Its key recommendations — that prison guards, police officers and judges not be permitted to wear religious symbols, have largely been accepted by the province’s major political parties.

The report called for employees of the state not to be allowed to wear niqabs and burkas, two face-coverings worn by Muslim women. But it otherwise left the question of religious symbols untouched.

Instead of heeding the commission’s advice, Bouchard argues, the PQ, Liberals and CAQ chose to cherry-pick aspects of the report that suited their political needs without offering much in the way of compromise.

“It’s imprudent to detach one piece of the secularism debate and to make that the focus of the conversation,” he said. “We’ve been doing that for last 10 years, where the debate on secularism is centred on a debate about wearing the hijab.

“I believe it’s a polarizing way to have that debate and only deepens divisions and it makes it impossible to have a conversation. That’s why we’re stuck with the status quo.

“We all have compromises to make. That’s our first duty.”

Bouchard’s fear, he said, was that if the majority of Quebecers don’t begin to make some concessions in the debate, they’ll create deep and irreparable divisions with its religious minorities.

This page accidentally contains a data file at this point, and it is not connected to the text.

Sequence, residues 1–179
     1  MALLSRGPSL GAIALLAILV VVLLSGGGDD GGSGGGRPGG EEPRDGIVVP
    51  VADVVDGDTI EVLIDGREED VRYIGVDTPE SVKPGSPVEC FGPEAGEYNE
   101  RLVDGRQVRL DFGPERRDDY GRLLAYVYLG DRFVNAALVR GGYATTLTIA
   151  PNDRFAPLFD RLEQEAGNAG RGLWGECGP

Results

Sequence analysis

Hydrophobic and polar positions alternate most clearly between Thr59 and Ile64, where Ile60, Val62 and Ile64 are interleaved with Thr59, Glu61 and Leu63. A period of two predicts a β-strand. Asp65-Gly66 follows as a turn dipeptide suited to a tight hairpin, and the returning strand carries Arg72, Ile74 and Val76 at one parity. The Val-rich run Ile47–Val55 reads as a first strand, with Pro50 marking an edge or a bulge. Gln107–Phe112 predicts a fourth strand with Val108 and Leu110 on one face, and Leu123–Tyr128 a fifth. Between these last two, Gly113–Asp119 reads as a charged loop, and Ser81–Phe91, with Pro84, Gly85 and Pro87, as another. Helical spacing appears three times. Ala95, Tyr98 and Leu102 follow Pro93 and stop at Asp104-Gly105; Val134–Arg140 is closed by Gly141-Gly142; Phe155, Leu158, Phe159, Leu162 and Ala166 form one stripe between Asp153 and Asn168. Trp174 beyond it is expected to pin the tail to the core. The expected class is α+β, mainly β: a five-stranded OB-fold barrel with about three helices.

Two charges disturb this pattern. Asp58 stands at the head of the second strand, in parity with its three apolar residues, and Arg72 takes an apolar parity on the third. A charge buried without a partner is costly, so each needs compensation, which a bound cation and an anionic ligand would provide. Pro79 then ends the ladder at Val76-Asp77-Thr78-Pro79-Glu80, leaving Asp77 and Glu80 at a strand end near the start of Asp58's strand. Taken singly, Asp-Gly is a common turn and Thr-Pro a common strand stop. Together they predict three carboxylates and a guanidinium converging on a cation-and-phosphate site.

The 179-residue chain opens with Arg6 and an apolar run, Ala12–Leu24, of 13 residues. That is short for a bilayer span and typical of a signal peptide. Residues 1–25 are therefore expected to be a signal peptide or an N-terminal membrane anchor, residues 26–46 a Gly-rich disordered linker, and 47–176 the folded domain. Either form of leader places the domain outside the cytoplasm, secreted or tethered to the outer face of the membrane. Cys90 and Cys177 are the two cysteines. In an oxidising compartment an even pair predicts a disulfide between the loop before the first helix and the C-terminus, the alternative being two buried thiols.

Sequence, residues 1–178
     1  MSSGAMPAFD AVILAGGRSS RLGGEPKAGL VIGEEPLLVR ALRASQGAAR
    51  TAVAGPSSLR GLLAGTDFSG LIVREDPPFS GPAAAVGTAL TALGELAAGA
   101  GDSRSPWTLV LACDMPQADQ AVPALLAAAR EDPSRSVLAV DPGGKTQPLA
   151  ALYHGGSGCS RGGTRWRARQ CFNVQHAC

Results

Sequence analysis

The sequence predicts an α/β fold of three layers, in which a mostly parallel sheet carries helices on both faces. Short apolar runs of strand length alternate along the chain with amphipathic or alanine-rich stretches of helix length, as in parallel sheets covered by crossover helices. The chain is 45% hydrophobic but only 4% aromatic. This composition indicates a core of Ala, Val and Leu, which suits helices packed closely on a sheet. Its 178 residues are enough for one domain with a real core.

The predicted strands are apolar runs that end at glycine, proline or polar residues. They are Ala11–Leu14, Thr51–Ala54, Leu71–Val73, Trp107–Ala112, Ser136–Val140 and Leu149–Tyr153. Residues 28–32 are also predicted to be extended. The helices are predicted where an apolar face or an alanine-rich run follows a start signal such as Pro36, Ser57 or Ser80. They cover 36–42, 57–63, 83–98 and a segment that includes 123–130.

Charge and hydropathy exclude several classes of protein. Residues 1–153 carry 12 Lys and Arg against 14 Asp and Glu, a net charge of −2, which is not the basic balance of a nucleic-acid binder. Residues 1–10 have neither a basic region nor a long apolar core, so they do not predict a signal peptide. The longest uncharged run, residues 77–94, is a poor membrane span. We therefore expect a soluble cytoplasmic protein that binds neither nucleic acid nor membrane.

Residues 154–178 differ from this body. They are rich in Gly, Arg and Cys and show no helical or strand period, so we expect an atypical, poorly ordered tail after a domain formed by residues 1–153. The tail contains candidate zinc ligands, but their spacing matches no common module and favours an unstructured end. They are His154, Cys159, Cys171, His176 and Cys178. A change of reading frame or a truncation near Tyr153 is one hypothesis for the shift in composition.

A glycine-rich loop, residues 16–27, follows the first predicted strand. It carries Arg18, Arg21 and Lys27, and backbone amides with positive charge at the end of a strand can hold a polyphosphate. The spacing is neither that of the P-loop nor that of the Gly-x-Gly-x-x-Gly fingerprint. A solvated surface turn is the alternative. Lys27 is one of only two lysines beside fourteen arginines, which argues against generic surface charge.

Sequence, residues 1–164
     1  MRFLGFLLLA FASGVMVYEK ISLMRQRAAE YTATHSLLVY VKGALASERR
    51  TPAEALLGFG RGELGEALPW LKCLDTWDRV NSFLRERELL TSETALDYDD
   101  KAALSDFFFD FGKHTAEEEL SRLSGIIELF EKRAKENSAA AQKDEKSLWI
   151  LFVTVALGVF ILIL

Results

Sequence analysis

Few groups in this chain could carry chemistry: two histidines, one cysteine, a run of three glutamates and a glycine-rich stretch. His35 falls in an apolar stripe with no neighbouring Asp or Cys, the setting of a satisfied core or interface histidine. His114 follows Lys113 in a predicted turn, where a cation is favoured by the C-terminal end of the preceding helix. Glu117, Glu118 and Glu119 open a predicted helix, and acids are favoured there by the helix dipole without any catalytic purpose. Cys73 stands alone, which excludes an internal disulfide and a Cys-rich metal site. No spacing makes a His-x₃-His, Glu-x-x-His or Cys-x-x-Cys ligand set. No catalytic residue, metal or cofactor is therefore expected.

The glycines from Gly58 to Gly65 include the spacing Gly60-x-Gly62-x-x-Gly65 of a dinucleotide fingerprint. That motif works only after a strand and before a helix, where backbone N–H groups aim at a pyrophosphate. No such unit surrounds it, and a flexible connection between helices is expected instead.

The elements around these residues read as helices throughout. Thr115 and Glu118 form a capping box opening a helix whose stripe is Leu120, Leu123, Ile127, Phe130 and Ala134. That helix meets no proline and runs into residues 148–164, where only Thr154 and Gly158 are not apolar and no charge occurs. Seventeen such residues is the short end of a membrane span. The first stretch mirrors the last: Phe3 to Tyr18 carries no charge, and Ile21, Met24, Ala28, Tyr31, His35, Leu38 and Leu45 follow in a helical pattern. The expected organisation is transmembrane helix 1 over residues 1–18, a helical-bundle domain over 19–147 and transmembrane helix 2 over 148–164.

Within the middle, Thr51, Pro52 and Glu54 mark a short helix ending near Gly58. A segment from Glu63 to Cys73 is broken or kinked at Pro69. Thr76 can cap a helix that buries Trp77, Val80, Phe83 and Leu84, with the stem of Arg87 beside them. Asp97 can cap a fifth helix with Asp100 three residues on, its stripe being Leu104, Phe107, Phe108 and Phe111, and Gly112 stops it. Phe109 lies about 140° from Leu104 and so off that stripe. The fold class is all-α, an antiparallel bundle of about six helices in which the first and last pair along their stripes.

“We’re well on our way toward that situation given the last 10 years,” he said. “When we want to reduce the rights of some citizens, we have to be sure we’re doing it for superior motives.

“Because there’s a cost to pay. The cost we pay is that it will always be the same populations that suffer the consequences, they always have to shoulder that cost.”

After the panel discussion, Bouchard was approached by a man who made an agitated, emotional appeal against Islam, which he referred to as a “barbaric religion.”

“It isn’t compatible with our way of life,” the man said. “What about when they become the majority in Quebec? Their religion seeks to do that by conversion or by war.”

Without even raising the tone of his voice, Bouchard replied:

“Here, in Quebec, Islam is perfectly legal and there has been an act of terrorism, but it came from the other sphere,” he said, referring to the Quebec City mosque shooting that left six Muslim men dead last year.

“Islam wasn’t the problem there. What acts of barbarism are there in Quebec linked to Muslims?”

“Well, in other places …” the man replied.

Bouchard cut him off: “But here, in Quebec?”

“But once they form a majority, they’ll do whatever they want,” the man yelled. “That’s their goal, to achieve that by a war or by invasion!”

“You think they’ll become a majority? That’s absurd,” Bouchard said. “No one is preventing us from living our lives. … They send their children to the same schools as ours. In 30 years, their ideology will likely become (more like ours). Sir, respectfully, we disagree.”

And with that, the man — still shaking with anger — walked away.

“A nation like ours, we have to try to achieve a maximum of unity and solidarity to be as strong as we can,” Bouchard said. “That should weight heavily on our reflections about secularism.”